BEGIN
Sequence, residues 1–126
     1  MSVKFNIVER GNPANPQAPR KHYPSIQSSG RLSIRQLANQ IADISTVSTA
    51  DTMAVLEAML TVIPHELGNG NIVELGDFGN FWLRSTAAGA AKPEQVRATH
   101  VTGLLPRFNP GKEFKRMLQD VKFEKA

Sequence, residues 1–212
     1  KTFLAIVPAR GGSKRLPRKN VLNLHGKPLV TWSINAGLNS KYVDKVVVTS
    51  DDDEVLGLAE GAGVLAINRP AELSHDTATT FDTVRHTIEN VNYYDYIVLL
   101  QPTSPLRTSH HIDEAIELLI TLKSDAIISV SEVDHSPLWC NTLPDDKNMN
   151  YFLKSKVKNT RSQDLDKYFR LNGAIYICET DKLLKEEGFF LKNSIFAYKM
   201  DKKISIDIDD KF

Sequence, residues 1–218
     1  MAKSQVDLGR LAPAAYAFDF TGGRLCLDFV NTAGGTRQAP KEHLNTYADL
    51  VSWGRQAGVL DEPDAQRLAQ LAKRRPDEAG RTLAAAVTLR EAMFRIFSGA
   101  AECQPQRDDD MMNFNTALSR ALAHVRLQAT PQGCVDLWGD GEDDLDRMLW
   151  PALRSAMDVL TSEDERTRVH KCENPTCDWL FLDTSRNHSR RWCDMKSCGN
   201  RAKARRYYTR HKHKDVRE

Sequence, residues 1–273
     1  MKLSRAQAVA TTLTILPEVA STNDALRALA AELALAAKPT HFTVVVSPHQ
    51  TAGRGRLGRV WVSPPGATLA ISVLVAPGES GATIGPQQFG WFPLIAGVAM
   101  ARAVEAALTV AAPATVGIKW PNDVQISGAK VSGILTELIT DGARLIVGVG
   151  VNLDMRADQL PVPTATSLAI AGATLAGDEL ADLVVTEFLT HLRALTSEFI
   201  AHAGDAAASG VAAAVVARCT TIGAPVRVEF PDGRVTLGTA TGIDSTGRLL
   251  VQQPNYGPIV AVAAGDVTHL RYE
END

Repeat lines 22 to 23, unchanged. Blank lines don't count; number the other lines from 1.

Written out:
   201  AHAGDAAASG VAAAVVARCT TIGAPVRVEF PDGRVTLGTA TGIDSTGRLL
   251  VQQPNYGPIV AVAAGDVTHL RYE